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The Institution prepares students for the Cambridge Assessment with Islamic Education imparting value-based education is one of its main objectives. The Institution aims at molding its students into “BIS gentlemen and ladies”.

Need of Integrated Curriculum

Child development refers to how a child is able to do more complex things as they get older. Development is different than growth. Growth only refers to the child getting bigger in size, whereas development is overall growth of the child. Here, the growth is not restricted to size but intellect as well. When we talk about normal development, we are talking about developing skills like:

  1. Gross motor: Using large groups of muscles to sit, stand, walk, run, etc., keeping balance and changing positions.
  2. Fine motor: Using hands to be able to eat, draw, dress, play, write and do many other things.
  3. Language: Speaking, using body language and gestures, communicating and understanding what others say.
  4. Cognitive: Thinking skills: including learning, understanding, problem-solving, reasoning and remembering.
  5. Social: Interacting with others, having relationships with family, friends and teachers, cooperating and responding to the feelings of others.
Course of study

The school prepares the student for the Cambridge Assessment.

To maintain the child centric education we inculcate the Cambridge Assessment with Holistic system of education and selected the following subjects have to be taken:

Part 1 - Pre-School - ( KG1 – KG 2 – KG 3) Age 3 to 6 year We are following Montessori system blended with tradition system.
  • English first Language
  • Second Language (French/Arabic)
  • EPL ( Exercise of Practical Life)
  • Cultural
  • Sensorial
  • Arithmetic

Part 2 – Primary School (Grade 1 to 5) Age 7 to 11 years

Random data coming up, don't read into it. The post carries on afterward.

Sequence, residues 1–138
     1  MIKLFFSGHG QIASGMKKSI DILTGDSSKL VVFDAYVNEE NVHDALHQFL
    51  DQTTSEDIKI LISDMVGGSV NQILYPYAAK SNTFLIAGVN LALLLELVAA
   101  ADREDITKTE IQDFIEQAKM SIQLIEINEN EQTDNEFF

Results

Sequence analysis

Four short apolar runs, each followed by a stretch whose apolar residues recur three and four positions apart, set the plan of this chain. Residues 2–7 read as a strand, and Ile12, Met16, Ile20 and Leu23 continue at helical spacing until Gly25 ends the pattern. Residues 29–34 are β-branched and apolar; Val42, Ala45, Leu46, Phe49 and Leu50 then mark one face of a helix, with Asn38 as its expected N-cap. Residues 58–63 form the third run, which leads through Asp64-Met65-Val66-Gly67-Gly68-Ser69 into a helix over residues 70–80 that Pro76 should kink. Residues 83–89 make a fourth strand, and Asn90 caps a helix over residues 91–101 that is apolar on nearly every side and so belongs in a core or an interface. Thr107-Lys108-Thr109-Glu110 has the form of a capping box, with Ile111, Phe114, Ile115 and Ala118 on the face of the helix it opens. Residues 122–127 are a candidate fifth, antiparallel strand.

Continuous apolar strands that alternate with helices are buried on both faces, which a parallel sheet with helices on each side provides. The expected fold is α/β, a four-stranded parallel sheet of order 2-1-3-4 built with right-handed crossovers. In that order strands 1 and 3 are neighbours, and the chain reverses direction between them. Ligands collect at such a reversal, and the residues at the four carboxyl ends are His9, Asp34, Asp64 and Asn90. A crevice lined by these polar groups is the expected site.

• English first Language
  • Second Language (French/Arabic)
  • Social Science
  • Mathematics
  • Science
  • Physical Education
  • Commercial Applications
  • Computer Applications.
  • Requests for second language exemption / change will not be entertained.









Our Concept of Islamic Education

Universally accepted, Islamic Education has no segregation between “religious” and “secular” knowledge. It aims at developing the entire human aspects; physically, intellectually & spiritually. It up brings child on his/her nature (Fitrah) and educates him/her to play his roles as: the servant of God; His vicegerent; and as a responsible citizen of the country.

Islamic Studies
Hifz / Qaidah

Hifz is the memorization of the Holy Quran.This course includes:

  • Pronunciation of Arabic letters correctly, i.e. from their proper origin (Makharij).
  • Quran lessons (Quran recitation with the rules of Tajweed).
  • Training of five time Prayers (Azaan, Name and timings of prayers, Fard, Wajib, Sunnat and Nafal prayers).
  • Method of Jummuh, Funeral and Eid Prayers. Taharah, Wudhu, Ghusl.
  • Memorization of six Kalimas, Imaan-e-Mufassil & Mujmal, Ayah-tul-Kursi, Dua-e-Qunoot, various masnoon.
  • Duas and small Surahs.
  • Basic Aqaa'id (Allah, Angels, Holy books, Holy prophets, Qiyamah, Jannat, Jahannam).
  • Islamic History, Sunnah, Manners, Islamic months, Fasting, Halal & Haram etc
Hadith Memorization
Arabic Language

This course aims to teach complete beginners the basics of Arabic with respect to the four language skills - listening, speaking, reading and writing. Students will be introduced to the cultures and societies of the Arabic speaking world. Vocabulary and grammar will be presented in a communicative way in a variety of situations.

Parents Involvement :

Following are some of the things you, as a parent, can do to help your child during this time:

  1. Continue to read to your child. Nurture his/her love for books by taking him/her to the library or book store.
  2. Let your child help with simple chores.
  3. Encourage your child to play with other children. This helps him to learn the value of sharing and friendship.
  4. Be clear and consistent when disciplining your child. Explain and show the behaviour that you expect from your child. Whenever you tell them no, follow up with what your child should be doing instead.
  5. Help your child develop good language skills by speaking to him/her in complete sentences and using “grown up” words. Help your child to use the correct words and phrases.
  6. Help your child through the steps to solve problems when he/she is upset.
  7. Give your child a limited number of simple choices (for example, deciding what to wear, when to play and what to eat for snack).